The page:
Thirteenth Anniversary Issue

  • Issue 145
  • Published By Sruti
  • ₹100.00

 
Main Feature
 
Main Feature

Dipping In To The Archives - The Day Of The Nautch & The Nautchwali

The one word, the name, by which Indian dance as we know today was known universally right into the first quarter of this century was nautch. Bharata Natyam, Odissi, ballet and the rest are all labels that have gained currency only during the past 60 years or so. Before that, all Indian dancing, especially in the eyes of the West, was just plain nautch. The word, however, implies more than mere dancing, for it connotes a whole atmosphere. That setting now belongs to the realm of nostalgia; so does the nautch. But at this time of the year every year, with Durga Pooja celebrations of Bengal round the corner, reminders of that setting, that atmosphere, come alive with a gush that compels retelling.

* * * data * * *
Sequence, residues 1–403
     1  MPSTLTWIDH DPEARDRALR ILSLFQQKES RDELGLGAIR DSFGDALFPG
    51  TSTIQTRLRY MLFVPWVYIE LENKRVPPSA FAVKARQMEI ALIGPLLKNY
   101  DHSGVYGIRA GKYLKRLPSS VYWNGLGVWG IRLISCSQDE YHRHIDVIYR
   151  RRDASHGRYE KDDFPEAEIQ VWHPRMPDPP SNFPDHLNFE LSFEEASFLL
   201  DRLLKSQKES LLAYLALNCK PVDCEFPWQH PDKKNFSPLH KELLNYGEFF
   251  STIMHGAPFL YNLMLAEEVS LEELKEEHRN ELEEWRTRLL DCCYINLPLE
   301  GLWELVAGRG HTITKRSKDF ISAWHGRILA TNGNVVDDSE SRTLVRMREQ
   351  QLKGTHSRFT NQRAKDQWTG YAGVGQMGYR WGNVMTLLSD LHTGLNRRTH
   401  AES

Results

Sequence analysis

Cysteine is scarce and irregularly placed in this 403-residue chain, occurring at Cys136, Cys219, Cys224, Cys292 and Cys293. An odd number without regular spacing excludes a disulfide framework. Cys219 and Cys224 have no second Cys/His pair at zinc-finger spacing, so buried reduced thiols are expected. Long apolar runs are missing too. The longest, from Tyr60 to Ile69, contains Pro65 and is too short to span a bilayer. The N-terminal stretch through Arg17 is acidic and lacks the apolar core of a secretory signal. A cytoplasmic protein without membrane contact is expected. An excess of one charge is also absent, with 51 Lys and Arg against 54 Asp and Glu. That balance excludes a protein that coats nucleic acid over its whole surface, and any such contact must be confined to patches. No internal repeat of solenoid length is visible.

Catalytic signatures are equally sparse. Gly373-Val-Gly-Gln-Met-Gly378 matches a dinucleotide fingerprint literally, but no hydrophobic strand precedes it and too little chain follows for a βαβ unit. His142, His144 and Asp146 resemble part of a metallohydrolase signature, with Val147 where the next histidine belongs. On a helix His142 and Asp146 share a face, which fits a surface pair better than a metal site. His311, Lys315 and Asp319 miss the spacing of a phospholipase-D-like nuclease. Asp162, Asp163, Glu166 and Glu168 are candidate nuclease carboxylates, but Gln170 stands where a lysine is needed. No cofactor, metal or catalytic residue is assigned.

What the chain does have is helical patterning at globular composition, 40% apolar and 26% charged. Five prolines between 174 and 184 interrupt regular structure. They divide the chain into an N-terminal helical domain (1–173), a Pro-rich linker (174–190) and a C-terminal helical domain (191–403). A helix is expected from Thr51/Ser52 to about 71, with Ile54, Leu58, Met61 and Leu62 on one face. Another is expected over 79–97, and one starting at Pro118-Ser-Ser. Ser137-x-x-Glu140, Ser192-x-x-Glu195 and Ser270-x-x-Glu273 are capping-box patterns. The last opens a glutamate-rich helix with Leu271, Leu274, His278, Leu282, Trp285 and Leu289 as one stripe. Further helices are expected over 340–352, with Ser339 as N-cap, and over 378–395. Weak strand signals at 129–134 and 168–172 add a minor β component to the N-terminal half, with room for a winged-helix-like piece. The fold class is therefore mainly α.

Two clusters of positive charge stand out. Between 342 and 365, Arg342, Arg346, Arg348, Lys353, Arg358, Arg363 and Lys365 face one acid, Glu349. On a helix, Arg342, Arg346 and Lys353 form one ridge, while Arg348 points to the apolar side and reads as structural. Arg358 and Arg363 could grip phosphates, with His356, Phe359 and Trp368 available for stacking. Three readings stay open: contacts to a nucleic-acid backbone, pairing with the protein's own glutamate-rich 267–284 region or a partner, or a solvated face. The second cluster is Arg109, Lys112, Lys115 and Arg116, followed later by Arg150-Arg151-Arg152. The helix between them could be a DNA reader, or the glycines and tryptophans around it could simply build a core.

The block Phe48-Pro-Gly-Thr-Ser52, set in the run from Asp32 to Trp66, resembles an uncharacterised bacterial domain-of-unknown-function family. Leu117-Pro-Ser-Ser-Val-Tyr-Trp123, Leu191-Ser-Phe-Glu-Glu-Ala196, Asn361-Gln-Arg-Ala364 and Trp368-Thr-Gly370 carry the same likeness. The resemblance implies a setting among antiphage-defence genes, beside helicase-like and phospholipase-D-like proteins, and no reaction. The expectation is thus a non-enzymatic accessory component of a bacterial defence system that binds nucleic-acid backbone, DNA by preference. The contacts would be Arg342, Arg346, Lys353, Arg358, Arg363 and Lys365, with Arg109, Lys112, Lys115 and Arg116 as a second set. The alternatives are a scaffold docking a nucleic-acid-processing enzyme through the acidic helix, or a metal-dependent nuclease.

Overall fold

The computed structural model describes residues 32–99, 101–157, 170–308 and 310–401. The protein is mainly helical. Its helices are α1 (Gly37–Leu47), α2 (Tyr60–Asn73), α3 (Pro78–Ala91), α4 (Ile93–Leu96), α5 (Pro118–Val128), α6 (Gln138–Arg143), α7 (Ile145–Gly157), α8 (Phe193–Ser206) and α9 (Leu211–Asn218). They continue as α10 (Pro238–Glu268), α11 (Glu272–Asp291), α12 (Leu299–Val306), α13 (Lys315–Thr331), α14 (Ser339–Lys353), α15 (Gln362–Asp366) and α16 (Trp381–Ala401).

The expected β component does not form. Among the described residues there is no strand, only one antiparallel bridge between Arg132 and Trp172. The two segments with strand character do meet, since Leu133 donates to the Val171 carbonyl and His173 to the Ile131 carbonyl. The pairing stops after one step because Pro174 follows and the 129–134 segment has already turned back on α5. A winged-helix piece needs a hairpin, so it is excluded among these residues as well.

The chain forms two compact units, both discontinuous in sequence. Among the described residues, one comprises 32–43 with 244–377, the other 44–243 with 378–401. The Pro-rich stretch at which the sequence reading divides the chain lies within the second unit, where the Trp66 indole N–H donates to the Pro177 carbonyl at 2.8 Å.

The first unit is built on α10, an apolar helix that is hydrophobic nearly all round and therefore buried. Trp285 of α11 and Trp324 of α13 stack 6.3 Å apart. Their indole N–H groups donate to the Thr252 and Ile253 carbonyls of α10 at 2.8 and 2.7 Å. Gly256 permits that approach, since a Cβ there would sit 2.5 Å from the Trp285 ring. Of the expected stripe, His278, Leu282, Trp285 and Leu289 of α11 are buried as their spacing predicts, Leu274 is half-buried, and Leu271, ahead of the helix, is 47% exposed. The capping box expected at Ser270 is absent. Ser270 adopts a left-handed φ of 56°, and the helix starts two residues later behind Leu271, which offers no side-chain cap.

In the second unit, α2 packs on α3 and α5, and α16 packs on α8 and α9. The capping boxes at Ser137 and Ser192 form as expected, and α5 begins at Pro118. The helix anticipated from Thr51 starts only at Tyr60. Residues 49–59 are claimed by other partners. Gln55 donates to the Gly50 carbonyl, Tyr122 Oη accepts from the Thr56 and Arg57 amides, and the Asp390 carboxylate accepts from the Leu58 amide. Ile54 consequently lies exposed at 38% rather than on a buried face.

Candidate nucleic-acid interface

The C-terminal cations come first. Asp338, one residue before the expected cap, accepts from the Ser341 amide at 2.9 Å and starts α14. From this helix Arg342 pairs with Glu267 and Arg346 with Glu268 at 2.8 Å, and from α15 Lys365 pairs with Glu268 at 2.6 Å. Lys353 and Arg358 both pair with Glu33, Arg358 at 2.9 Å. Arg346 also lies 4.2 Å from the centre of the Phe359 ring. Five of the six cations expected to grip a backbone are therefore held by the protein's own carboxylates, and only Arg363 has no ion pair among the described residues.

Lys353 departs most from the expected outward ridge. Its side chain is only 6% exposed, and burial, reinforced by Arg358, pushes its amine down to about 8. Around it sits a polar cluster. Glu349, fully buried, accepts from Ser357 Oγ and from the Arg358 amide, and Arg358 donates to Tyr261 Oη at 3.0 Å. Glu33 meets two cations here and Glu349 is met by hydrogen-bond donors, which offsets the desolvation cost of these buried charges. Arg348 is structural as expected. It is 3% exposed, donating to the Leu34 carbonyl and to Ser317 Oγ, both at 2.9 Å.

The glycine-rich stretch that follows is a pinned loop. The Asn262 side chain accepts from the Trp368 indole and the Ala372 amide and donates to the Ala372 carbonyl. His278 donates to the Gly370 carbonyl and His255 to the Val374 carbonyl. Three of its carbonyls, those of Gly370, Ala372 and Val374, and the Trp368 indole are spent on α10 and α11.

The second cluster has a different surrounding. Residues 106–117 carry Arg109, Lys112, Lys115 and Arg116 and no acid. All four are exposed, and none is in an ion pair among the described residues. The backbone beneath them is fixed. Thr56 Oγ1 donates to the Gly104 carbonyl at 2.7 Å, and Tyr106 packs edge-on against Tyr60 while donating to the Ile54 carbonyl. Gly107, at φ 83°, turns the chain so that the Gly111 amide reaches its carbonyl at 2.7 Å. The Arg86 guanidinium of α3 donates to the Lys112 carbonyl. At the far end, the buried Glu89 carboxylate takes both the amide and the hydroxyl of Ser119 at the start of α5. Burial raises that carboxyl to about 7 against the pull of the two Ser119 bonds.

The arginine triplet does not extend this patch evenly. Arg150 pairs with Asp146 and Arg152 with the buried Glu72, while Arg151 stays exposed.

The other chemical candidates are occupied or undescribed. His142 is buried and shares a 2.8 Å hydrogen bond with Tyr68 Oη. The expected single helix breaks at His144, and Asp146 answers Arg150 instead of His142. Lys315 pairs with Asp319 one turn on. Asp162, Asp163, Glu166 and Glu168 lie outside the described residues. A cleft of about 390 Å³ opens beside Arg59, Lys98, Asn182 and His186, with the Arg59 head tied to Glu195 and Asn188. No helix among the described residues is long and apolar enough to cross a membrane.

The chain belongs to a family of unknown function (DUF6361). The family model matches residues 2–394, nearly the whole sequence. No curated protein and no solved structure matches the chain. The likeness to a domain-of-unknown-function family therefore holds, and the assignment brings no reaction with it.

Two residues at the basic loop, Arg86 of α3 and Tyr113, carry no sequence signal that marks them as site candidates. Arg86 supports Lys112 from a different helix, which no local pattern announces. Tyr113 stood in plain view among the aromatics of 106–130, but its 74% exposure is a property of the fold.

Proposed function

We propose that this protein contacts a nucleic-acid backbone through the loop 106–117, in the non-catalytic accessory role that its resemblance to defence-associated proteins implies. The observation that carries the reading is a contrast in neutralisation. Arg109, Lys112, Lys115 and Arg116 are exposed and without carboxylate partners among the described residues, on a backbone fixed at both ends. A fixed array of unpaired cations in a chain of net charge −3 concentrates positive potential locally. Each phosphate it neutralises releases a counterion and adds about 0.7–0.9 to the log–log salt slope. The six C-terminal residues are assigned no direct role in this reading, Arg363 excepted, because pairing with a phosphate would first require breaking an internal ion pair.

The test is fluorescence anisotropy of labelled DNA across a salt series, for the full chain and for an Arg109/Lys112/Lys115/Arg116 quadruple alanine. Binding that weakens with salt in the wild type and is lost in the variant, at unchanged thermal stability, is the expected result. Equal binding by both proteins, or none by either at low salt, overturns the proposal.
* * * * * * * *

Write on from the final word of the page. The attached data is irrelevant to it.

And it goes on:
Special Feature
 
Special Feature

Towards A Better Understanding Of Carnatic Music

Art music is usually presented in a concert. It requires that the performer should present music as music, not as anything else, for example, not as prayer, even though he may start with a supplication to god. The concert may consist of compositions in which divinity is praised, but that does not make it devotional music or Divine music. Considering that Indian music is raga music and art music is presented in a concert, the objective of the performer in a concert should be to explore the raga-s he chooses to present. The kriti, or even a song which does not have the structural or other dimensions of a kriti, is, in this context, first and foremost a vehicle for raga exploration or imaging.

 
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